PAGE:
Can You Separate the Art From the Artist?

This has been a long running mental and external debate, can you separate the art from the artist that has created it? Are the two inseparable or can the piece of art exist in a context of its own? For this piece I’m largely going to focus on music, since it’s the topic I’m most comfortable discussing. I’m indifferent to Hollywood and actors are retards and I’m too out of the loop in the comedy world to even know who I can site as a reference.

This first came into question a lot when the vocalist of my favorite band, Screeching Weasel, had an altercation with a belligerent woman in Texas after she spit on him and threw drinks at him. At the time, March 2011, a lot of “fans” left the proverbial sinking ship that was Screeching Weasel, but I was steadfast in my fandom and publicly defended my hero. Why? Why didn’t I write off someone who’s music was important to me ’cause “like hitting women is totes bad and junk?” That’s when I first started mulling over the concept that the art someone creates, once it’s out in the world, becomes disconnected from the person or persons (in such a case a whole band) that craft it. Full disclosure, I thought was Ben did was cool and made me like him more, keep that in mind as you read the rest because it ties into my initial query.

Fast forward to the last election and my question got thrown back into my fucking face at every turn. People who not only made music I loved started really letting me down. It was after I saw Barney from Napalm Death in an Antifa (a terrorist organization, funded by George Soros that cost me my last job) shirt where I added a caveat to my debate: if it has affected me personally then all bets are off, the artist and their art can collectively fuck off.

Sometimes it’s easy for me to ignore a band I love and their dumb comments on Trump, like in the case of Green Day, and who I stopped liking past 1996 and love everything to that point. In my head, they broke up 21 years ago and that this is a different band that’s wearing eyeliner and saying things like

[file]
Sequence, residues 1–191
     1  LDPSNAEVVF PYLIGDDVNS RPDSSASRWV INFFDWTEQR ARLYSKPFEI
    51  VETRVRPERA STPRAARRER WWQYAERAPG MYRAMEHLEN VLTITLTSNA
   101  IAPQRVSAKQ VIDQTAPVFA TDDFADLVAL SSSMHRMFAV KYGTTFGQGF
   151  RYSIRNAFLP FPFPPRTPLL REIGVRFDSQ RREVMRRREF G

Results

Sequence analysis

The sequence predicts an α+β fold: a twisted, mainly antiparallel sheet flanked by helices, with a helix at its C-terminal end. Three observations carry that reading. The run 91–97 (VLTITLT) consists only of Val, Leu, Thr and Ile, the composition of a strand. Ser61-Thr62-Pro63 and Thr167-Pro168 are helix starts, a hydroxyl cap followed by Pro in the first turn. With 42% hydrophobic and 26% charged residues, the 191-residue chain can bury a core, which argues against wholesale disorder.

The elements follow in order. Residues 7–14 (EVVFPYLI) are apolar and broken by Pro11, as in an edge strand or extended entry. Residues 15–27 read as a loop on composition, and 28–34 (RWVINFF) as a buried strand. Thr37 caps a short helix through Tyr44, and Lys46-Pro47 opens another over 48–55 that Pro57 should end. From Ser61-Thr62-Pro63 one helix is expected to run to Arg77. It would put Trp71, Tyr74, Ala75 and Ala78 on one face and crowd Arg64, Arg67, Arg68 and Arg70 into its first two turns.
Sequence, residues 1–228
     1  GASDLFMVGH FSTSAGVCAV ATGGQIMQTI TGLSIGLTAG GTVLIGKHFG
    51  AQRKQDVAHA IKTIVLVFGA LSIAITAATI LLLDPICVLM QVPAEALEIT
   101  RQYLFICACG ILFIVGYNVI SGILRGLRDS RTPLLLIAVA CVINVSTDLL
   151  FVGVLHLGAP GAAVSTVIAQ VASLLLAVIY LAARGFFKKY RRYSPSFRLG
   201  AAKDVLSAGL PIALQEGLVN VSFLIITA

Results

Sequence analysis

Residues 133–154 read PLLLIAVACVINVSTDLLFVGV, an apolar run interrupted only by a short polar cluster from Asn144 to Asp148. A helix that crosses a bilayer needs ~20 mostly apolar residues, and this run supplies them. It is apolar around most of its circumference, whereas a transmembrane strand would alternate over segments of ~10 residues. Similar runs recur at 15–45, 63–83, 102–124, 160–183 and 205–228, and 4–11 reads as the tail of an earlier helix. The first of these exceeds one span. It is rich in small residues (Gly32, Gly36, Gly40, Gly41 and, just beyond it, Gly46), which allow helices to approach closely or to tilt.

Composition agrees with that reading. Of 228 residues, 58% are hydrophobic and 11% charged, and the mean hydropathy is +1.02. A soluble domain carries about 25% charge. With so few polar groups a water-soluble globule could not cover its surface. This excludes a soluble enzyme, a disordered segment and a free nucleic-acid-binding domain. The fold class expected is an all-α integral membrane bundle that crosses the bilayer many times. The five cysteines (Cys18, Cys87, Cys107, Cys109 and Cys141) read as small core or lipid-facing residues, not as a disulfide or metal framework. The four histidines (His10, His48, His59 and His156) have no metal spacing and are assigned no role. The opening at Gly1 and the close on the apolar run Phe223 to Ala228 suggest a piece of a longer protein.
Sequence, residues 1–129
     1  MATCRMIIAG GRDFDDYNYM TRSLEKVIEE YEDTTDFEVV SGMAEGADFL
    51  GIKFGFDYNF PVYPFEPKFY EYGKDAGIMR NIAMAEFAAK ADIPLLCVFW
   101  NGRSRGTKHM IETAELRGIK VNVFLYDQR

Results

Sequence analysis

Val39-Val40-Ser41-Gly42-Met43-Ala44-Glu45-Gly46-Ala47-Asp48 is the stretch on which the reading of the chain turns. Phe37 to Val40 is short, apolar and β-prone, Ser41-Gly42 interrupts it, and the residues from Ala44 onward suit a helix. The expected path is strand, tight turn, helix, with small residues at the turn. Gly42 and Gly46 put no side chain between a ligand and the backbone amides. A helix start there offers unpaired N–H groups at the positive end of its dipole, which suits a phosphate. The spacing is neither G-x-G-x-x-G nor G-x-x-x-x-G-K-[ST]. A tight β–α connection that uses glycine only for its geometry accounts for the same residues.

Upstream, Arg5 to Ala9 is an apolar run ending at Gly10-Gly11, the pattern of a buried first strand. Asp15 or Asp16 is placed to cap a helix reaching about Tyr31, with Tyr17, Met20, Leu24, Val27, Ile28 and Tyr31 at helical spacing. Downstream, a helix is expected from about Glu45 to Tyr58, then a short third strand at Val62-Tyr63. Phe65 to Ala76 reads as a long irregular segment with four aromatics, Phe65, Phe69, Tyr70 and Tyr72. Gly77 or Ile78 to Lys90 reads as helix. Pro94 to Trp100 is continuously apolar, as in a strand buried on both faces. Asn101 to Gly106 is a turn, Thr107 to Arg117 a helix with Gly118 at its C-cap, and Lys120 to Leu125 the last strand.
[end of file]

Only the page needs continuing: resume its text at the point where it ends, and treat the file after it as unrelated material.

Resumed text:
“I feel like I’m in a state of shock … The executive orders Trump is signing feels like a vendetta. Trump is not only taking out his revenge on the people who protested him, but also the average American that just didn’t vote for him. These reckless decisions on healthcare, Muslim-Americans, immigration, environmental protection, freedom of speech, freedom of press, women’s right to choose what to do with their bodies, suggesting sending in the feds to Chicago are signs of a man that is trying to redefine what it is that keeps our common union as Americans. This is not just his ‘conservative agenda.’ It’s an all out assault on our civil liberties.” (Loudwire)

This also has me feeling the need to be more honest with myself, because when I find out a musician I adore is also a Trump fan or even just right leaning, I feel myself becoming a bigger fan of their music. So again, can you separate the two? There’s one artist in particular, who I can’t name since he feels if he was ever outted as conservative and a Catholic it would ruin both his recording and literary career, that has been a favorite of mine for decades. We chat often about politics but always privately, and now I look at the MAN as a brother in arms and consequently I’ve become a more enthusiastic fan of his art. I’ve also become a much larger Ramones fan after reading Johnny Ramome’s autobiography Commando in where he talks a lot about his conservative views, his love of Ronald Reagan and how much he hated commies.

Now let’s get pragmatic: what if you were to somehow turn off that switch in your brain and only consumed entertainment by people with whom you completely agree? I think both left and right would agree that sounds like a nightmare. But let’s be real, the left would have it way easier to find like minded individuals that also know how to rock and I’m not willing to only listen to Ted Nugent and Kid Rock.

I don’t have a clear answer to this, all I can say is you got to be honest with yourself. Does your love of some piece of art outweigh your political compatibility with an artist? And you have to admit it does sound weak to all of a sudden turn your back on a record you once loved because their singer thinks Trump is a Nazi.

If all else fails, take comfort knowing that most musicians are dumber than you!

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Written by Alex Caprio

Alex Caprio

New Jersey, former musician and stand up comedian with a degree in English. He can also make a better eggplant parm than your Grandma. Follow him on Twitter @alexclarkcaprio.

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